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I have two questions regarding the CSP directive upgrade-insecure-requests which I couldn't answer myself by reading the specification.

  1. What happens to ressources which can't be upgraded to https (e.g. invalid certificate)? Will they be blocked?
  2. What kind of violations will be reported against the endpoint specified by report-uri in the policy? Just failed upgrades or also successful upgrades?
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What happens to ressources which can't be upgraded to https (e.g. invalid certificate)? Will they be blocked?

The request will be made over HTTPS. If the request fails, then it fails. To do otherwise would open the system up to downgrade attacks, making it effectively useless against a MITM attacker.

This behavior is specified in the Fetch Standard from the WHATWG (which is referenced in the upgrade-insecure-requests spec):

  1. Upgrade request to a potentially secure URL, if appropriate.

Since this step happens before any actual network requests are made, the rest of the process behaves exactly as if the request was originally made as HTTPS from the beginning.


What kind of violations will be reported against the endpoint specified by report-uri in the policy? Just failed upgrades or also successful upgrades?

No violations will be reported by a CSP directive using upgrade-insecure-requests. According to the spec:

Monitoring the upgrade-insecure-requests directive has no effect: the directive is ignored when sent via a Content-Security-Policy-Report-Only header. Authors can determine whether or not upgraded resources' original URLs were insecure via Content-Security-Policy-Report-Only. For example, Content-Security-Policy-Report-Only: default-src https:; report-uri /endpoint. See §3.4 Reporting Upgrades for additional detail.

So if you want information on which requests are being upgraded using CSP, you must use a hard fail (not upgrade-insecure-requests) with the Report-Only header.

Section 3.4 further explains this in example 9:

Within the context of a protected resource which contains the insecure image <img src="http://example.com/image.png">, and delivers the following HTTP headers:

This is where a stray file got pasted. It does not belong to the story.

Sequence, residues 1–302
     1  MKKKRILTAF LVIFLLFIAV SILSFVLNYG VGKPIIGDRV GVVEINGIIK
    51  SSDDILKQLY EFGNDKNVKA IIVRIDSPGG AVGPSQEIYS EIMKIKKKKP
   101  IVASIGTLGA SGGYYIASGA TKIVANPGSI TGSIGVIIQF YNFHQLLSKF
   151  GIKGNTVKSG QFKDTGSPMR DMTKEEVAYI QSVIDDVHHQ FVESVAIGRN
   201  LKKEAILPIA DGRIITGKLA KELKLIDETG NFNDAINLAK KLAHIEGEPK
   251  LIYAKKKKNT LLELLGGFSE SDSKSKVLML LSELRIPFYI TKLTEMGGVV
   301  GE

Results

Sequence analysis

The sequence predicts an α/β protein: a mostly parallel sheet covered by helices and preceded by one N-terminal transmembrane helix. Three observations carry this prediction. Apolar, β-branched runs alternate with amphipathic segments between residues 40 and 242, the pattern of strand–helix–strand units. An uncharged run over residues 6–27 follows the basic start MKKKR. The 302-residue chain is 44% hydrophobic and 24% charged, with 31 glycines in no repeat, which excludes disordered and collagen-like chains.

Content-Security-Policy: upgrade-insecure-requests; default-src https:
Content-Security-Policy-Report-Only: default-src https:; report-uri /endpoint

The user agent will fire off a request request that:

  1. Violates the policy being monitored, thereby delivering a violation report to /endpoint.
  2. Is upgraded from http://example.com/image.png to https://example.com/image.png.
  3. Does not violate the policy being enforced.

Note that point 3 here is key. Since the request is upgraded in step 2, the request does not "violate the policy being enforced". According to the CSP spec, only violations of the CSP policy are reported:

When one or more of a policy’s directives is violated, a violation report may be generated and sent out to a reporting endpoint associated with the policy.

  • Thank you for your answer and pointing me to Example 9! I understand that successful upgrades won't violate the Content-Security-Policy and therefore won't fire off violation reports. Can you elaborate on the case that Content-Security-Policy has set a report-uri and the upgrade fails? Then there will be a report, right? – HorstKevin Nov 13 '17 at 21:11
  • The upgrade can't fail, because the upgrade happens before anything even touches the network. (Again, see the Fetch Standard, step 2.3.) If the resulting network request fails, that's no different from if any other network request on your site failed. – Ajedi32 Nov 13 '17 at 21:31
  • @HorstKevin If you want to check whether a URL is failing to load because its host doesn't support HTTPS, you could always just use Content-Security-Policy-Report-Only, and have your server check the links out of band to make sure they load properly over HTTPS. – Ajedi32 Nov 13 '17 at 21:33
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1. What happens if an upgrade fails?

Exactly the same thing that would happen if a non-upgraded HTTPS request failed. The spec talks about rewriting requests. Exactly how this is done is explained in section 4.1 of the spec, but the essence is that http:// is replaced with https://. That means that once the request is rewritten it is indistinguishable from a request that was HTTPS from the beginning.

To be honest I can't find any good section of the spec to quote where this is crystal clear. But example one and three quite directly show that this is the case.

2. What will be reported?

No successful upgrades, no failed upgrades, nothing. From section 3.1 of the spec:

Monitoring the upgrade-insecure-requests directive has no effect: the directive is ignored when sent via a Content-Security-Policy-Report-Only header.

  • Thank you for your answer! But, I think your answer to my second question isn't to the point. I can also specify a report-uri directive in a Content-Security-Policy (not Content-Security-Policy-Report-Only). – HorstKevin Nov 13 '17 at 21:06
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    @HorstKevin First part of the quoted sentence says it all. Monitoring has no effect. That applies for both headers. The second part does not limit the first. – Anders Nov 14 '17 at 5:20

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